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Marcia Karp wrote:

> [I don't see in the full post what "more" is compared to]

It was a bad attempt at adding emphasis to "likely."



>     I don't follow your logic, or at least how I understand it: given
>the reasons Eliot wrote the poem, he was likely [...]  to let Pound
> ... .  That is, I don't see what your "thus" is summing up.
> How is your proposed origin of the poem related to Pound and edits?

The poem, as given to Pound, was finished in Eliot's mind.  He
exorcised his demons.  The poem that Pound helped create was could be
seen by Eliot as another poem, intended for publication.

    And then [the poet] can say to the poem: 'Go away! Find
    a place for your self in a book--and don't expect me to
    take any further interest in you.'


>     Poets are people and so subject to a complex of behaviors.  Eliot
> might have been done with the poem, as you say (if by this you mean he
> stopped working on it in any way), but all my experience with poets
> living and dead makes me less inclined to believe this than to believe
> that for the rest of his life he had moments of thinking why didn't I do
> this (or that).

I can't remember coming across anything where Eliot expressed regrets
on the wording in a poem.  I'll be happy to be corrected on this.  As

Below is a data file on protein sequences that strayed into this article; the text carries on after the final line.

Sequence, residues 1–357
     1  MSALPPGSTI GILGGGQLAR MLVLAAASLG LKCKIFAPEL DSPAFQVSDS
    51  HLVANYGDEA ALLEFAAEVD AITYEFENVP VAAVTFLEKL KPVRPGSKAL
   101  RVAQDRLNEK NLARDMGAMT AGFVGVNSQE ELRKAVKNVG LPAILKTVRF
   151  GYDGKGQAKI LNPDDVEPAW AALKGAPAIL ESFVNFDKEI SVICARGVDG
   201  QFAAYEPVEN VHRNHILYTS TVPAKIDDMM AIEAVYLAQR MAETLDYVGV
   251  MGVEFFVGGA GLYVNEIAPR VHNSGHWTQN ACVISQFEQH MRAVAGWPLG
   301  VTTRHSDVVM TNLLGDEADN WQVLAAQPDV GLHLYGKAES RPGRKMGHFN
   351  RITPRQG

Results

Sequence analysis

for TWL he seemed happy enough with Pound's edits (although,
understandably, critically questioning them as they were happening.)
Perhaps the closest to Eliot's having expressed regrets to the editing
was adding the line "The ivory men make company between us" in a
handwritten copy of the poem.

Here is a quote by Eliot that led me to believe that the pre-Pound
poem was the real one for Eliot and why he appeared to being mainly
carefree in its editing.

T.S. Eliot, "The Three Voices of Poetry"

    I agree with Gottfried Benn, and I would go a little further.  In a
    poem which is neither didactic nor narrative, and not animated by any
    other social purpose, the poet may be concerned solely with expressing
    in verse--using all his resources of words, with their history, their
    connotations, their music--this obscure impulse.  He does not know
    what he has to say until he has said it; and in the effort to say it
    he is not concerned, at this stage, with other people at all: only
    with finding the right words or, anyhow, the least wrong words.  He is
    not concerned whether anybody else will ever understand them if he
    does.  He is oppressed by a burden which he must bring to birth in
    order to obtain relief.  Or, to change the figure of speech, he is
    haunted by a demon, a demon against which he feels powerless, because
    in its first manifestation it has no face, no name, nothing; and the
    words, the poem he makes, are a kind of form of exorcism of this
    demon.  In other words again, he is going to all that trouble, not in
    order to communicate with anyone, but to gain relief from acute
    discomfort; and when the words are finally arranged in the right
    way--or in what he comes to accept as the best arrangement he can
    find--he may experience a moment of exhaustion, of appeasement, of
    absolution, and of something very near annihilation, which is in
    itself indescribable.  And then he can say to the poem: 'Go away! Find
    a place for your self in a book--and don't expect me to take any
    further interest in you.'


Regards,
    Rick Parker


P.S. - Back to Tim's question - How would the other poems handed to
Pound have effected the reading of TWL if they had been published?